July 15, 1929
Professor W.L. Bragg,
University of Manchester,
Dear Professor Bragg:
I have decided definitely to stay in Pasadena now, although I was very much interested in the possibility of going to Harvard.
But staying here means that I shall have the opportunity of coming to Manchester for a few months. We can leave Pasadena early
in March, 1939. It will still be necessary for me to spend a month in Berkeley then; I have a connection with the University
of California requiring that I give lectures in chemistry and physics for a month every year. Hence we can't arrive in Manchester
until about the end of April. I suppose you close up sometime in July, or perhaps June. I would like to stay in Manchester
as long as work is going on, and then spend a couple of months on the Continent; I plan to visit old friends - Sommerfeld,
Ewald, Debye, Mark - and to meet some people whom I' have never seen, such as Niggli.
No special apparatus would be needed for me. I should like to see you apparatus and perhaps help in making some measurements;
possible I shall have a crystal from which I should like some quantitative data. But most of all I want to talk with you and
the men in your laboratory.
I thank you very much for the manuscript you sent me. Your general description of your method is very interesting, and the
work itself very valuable. I was also very much interested in your Faraday Society address, with its description of silicate
structures. The cyanite structure pleases me, satisfying the electrostatic valence rule so well as it does. Sillimanite
Bragg-2 7-1 5-29
and andalusite as worked out by Taylor seem alright too. The electrostatic valence rule isn't rigorous, and could perhaps
be restated in the following way: In a crystal containing anions in an approximately close-packed arrangement ΣSi should be
equal to S for every anion (or very nearly equal to S); if the anions are not close-packed, those having fewer than 12 anion-contacts
should have ΣSi less than S, the others having ΣSi greater than S.
I am pleased too with Naray-Szabo's staurolite structure, which also satisfies the rule. You may be interested in a method
of distinguishing between (OH)^∞ and (OHO)^-3 groups in crystals containing O and H. If for every H there is one I in the
crystal with Σs=1, the existence of hydroxyl ion is indicated; but if for every H there are two O's with Σs=3/2, we may accept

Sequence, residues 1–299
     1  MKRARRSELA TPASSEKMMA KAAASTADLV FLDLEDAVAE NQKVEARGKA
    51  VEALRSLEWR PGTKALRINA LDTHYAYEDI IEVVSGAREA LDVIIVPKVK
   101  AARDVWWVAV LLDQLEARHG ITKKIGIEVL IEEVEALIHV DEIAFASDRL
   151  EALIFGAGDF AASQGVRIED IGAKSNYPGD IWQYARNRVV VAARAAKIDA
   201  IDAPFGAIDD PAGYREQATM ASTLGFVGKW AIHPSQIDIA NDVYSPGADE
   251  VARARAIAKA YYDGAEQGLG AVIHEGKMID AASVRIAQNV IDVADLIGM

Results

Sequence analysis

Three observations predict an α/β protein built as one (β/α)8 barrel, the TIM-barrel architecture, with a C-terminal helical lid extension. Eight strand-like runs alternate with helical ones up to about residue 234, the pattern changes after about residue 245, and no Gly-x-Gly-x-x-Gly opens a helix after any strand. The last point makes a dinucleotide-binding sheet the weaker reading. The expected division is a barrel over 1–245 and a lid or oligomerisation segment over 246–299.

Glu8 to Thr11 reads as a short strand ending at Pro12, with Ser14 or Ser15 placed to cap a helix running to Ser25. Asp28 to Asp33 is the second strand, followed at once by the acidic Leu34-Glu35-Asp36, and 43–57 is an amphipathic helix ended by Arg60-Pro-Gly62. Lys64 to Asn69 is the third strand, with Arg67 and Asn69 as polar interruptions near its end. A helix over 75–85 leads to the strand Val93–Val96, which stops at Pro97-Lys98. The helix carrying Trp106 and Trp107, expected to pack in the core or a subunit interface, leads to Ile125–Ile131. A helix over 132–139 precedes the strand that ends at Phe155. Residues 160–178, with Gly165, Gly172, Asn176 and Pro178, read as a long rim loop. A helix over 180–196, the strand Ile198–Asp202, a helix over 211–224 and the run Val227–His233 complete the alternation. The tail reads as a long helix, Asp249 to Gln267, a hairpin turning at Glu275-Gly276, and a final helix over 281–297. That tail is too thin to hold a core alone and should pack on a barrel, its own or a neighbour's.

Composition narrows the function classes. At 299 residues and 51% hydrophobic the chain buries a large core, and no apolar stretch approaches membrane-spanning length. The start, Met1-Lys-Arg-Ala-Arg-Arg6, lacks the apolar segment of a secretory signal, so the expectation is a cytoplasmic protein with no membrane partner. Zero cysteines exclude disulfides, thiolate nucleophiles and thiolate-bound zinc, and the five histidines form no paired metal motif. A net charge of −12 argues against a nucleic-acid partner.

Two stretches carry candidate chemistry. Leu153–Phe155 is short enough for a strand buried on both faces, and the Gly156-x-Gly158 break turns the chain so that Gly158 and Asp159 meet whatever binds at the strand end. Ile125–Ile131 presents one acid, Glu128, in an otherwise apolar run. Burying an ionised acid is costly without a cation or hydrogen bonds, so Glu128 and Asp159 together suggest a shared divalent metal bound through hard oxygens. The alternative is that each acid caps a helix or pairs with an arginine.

this as showing that the two O's are joined by a hydrogen bond, as are the two F's in the acid flouride ion, FHF^∞. Examples
of the first class, with OH^∞, are topaz and the members of the chondrodite series; of the second, with OHO^-3, staurolite
and diaspore, A1HO2, göthite, FeHO2, manzanite, MnHO2, whose structure Mr. Ewing and I have just worked out. Now we can see
that a necessary condition for the isomorphous replacement of OH^∞ by F^∞ in a crystal is that the crystal belongs to the
first class, and as a matter of fact the mineralogists report this replacement in topaz and chondrodite, etc., but not in
staurolite and diaspore, etc.
I met Warren in Boston, and enjoyed talking with him. I'm hoping that after his year with you he will come to Pasadena.
We have been working away at several oxides and hope to have several new structures before long. We are making use of
the same method as for brookite - to find a coordinated structure with the correct size of unit and space-group symmetry,
to distort the polyhedra in order to predict parameter values as closely as possible, and then consider small changes in the
parameters to get the best agreement between structure factors and visually
estimated intensities. Sturdivant is getting along well with tantalite, Ta2FeO6, which has a structure closely related to
one which we mention in the brookite paper as not being the structure of brookite.
My wife and boy are looking forward to coming to Manchester, and join me in sending greetings to you and Mrs. Bragg.